What is green socialism?
A recent offshoot of the environmental movement and the climate change debate, green socialism, or "ecosocialism," places its economic emphasis on the conservation and use of natural resources. This is largely achieved through state ownership of the largest and most resource-intensive companies. The use of “green” resources, such as renewable energy, public transport and locally sourced food, is emphasized or mandated. Economic production is focused on meeting people's basic needs rather than a wasted surplus of unnecessary consumer goods. Green socialism often offers aguaranteed living minimum wagefor all citizens, regardless of their professional status.
It is difficult to classify countries as communist or socialist. Several countries, despite being governed by the Communist Party, declare themselves socialist states and apply many aspects of socialist economic and social policies. Three countries that are often considered communist states -mainly because of their political structure- are Cuba, China and North Korea.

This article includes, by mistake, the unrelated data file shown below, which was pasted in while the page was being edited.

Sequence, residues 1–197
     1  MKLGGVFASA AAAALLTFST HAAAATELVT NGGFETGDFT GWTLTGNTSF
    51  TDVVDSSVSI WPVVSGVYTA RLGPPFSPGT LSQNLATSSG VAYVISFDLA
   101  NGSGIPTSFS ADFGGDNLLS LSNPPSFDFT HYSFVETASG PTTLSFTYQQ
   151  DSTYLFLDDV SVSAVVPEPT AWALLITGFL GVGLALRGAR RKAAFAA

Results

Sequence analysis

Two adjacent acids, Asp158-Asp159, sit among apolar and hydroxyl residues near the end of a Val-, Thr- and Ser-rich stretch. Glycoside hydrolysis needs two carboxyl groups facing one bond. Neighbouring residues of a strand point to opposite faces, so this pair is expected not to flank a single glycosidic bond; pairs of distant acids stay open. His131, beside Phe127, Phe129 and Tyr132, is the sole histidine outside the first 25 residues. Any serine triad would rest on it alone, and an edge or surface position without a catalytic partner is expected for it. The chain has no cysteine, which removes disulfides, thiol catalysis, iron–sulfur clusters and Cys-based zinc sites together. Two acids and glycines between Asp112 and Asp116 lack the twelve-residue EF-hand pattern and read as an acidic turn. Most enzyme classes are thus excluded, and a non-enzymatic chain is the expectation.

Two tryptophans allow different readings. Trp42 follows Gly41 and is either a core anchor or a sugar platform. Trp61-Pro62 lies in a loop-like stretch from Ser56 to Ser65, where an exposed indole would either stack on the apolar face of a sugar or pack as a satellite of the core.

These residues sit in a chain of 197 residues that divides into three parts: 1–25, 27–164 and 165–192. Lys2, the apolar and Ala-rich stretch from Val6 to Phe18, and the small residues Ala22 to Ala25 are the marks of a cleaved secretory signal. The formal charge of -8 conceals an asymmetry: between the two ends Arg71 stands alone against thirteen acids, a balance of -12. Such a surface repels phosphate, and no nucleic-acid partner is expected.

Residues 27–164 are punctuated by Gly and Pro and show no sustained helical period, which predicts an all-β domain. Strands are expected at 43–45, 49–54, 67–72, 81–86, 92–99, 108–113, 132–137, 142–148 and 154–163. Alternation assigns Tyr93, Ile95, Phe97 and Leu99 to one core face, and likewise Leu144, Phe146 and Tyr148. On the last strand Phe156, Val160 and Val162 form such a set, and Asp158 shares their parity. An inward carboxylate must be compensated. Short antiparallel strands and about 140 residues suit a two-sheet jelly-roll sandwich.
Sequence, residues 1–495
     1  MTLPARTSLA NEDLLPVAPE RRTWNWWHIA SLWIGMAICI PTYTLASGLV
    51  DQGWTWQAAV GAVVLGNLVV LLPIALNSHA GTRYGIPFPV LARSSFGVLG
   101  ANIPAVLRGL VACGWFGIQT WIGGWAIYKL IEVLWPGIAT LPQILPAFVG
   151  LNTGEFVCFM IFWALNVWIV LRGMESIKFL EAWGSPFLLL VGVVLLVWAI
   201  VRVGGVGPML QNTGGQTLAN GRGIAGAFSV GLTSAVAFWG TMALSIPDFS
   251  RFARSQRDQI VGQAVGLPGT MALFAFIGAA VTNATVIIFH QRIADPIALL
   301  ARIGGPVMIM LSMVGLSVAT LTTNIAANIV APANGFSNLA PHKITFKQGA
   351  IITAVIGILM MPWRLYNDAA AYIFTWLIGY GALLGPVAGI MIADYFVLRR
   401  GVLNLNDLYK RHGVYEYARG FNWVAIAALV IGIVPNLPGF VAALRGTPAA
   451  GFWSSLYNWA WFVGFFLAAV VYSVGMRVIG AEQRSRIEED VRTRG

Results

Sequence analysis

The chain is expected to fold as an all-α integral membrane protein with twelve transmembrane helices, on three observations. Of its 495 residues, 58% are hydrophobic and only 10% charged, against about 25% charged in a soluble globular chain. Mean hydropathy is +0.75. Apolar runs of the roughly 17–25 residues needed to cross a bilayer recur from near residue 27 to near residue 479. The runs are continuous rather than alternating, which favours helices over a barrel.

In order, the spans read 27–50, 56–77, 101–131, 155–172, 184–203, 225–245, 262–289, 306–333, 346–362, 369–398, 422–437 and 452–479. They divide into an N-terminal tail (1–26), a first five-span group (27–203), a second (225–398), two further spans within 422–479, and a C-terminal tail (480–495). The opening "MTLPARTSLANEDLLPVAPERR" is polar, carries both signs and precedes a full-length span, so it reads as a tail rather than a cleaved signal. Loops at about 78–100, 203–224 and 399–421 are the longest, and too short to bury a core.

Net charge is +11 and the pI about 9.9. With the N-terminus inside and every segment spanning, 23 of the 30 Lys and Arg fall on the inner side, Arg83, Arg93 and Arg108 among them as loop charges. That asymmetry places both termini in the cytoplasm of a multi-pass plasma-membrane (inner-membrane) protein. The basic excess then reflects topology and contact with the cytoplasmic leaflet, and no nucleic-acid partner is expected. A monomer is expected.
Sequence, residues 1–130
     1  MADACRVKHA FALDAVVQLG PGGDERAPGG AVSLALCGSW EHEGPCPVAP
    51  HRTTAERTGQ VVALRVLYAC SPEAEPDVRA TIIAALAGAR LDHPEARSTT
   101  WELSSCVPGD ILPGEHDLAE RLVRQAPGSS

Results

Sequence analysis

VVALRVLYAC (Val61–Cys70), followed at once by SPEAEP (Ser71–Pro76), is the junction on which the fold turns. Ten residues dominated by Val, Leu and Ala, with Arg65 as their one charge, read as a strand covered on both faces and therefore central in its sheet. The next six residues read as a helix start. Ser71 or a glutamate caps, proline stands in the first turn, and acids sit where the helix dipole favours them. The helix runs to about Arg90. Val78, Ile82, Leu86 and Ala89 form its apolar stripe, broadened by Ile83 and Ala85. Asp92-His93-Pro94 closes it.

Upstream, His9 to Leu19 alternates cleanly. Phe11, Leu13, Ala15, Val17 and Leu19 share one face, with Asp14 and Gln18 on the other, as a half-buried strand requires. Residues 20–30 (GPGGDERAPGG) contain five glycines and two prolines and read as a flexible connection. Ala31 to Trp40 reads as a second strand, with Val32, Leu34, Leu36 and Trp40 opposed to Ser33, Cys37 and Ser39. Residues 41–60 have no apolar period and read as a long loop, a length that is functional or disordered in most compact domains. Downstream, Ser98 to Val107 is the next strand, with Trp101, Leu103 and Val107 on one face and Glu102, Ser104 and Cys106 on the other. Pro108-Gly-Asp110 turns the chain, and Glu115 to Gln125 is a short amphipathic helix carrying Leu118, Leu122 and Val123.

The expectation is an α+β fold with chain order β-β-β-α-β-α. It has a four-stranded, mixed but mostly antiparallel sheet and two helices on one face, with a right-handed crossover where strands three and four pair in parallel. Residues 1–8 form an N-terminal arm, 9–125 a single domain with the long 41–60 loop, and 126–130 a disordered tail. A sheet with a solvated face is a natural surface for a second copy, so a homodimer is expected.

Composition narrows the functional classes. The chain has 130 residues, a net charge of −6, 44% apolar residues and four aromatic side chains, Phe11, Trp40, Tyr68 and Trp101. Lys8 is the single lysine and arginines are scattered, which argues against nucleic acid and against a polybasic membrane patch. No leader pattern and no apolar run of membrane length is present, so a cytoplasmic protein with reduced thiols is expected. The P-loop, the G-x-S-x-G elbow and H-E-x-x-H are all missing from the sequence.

The Chinese Communist Party owns and strictly controls all industries, which are exclusively designed to generate profit for the government through its successful and growing exports of consumer goods. Health care and primary education are run by the government and provided free of charge to the population. However, housing and land development takes place under a highly competitive capitalist system.